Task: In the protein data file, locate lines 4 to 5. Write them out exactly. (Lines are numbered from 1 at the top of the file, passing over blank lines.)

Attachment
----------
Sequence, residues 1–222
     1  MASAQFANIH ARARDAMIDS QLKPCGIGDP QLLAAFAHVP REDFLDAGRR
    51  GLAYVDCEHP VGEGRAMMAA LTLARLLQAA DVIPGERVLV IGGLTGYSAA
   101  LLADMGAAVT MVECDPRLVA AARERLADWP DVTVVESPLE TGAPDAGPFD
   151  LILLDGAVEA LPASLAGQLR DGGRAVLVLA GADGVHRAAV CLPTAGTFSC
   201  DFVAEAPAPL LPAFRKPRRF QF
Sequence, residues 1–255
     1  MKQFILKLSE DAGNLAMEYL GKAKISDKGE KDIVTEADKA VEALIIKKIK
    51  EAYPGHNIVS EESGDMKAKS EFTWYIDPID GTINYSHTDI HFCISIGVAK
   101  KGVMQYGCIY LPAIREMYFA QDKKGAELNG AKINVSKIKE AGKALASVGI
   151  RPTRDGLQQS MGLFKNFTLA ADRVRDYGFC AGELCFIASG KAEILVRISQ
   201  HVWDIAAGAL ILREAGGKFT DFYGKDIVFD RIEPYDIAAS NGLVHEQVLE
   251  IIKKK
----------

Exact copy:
   101  LLADMGAAVT MVECDPRLVA AARERLADWP DVTVVESPLE TGAPDAGPFD
   151  LILLDGAVEA LPASLAGQLR DGGRAVLVLA GADGVHRAAV CLPTAGTFSC